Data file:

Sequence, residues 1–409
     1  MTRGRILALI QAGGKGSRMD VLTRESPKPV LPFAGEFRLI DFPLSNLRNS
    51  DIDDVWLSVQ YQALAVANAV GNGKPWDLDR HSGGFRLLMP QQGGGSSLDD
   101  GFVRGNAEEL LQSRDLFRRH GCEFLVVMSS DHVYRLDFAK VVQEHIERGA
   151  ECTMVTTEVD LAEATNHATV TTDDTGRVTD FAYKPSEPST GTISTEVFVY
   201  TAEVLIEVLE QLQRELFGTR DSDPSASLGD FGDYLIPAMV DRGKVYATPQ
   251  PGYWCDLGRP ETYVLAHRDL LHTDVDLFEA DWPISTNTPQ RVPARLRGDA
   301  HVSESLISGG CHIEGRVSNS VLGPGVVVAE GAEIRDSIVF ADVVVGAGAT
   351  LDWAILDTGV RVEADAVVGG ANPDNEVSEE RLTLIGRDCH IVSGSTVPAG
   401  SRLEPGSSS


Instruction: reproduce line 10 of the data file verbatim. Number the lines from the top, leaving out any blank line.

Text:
   401  SRLEPGSSS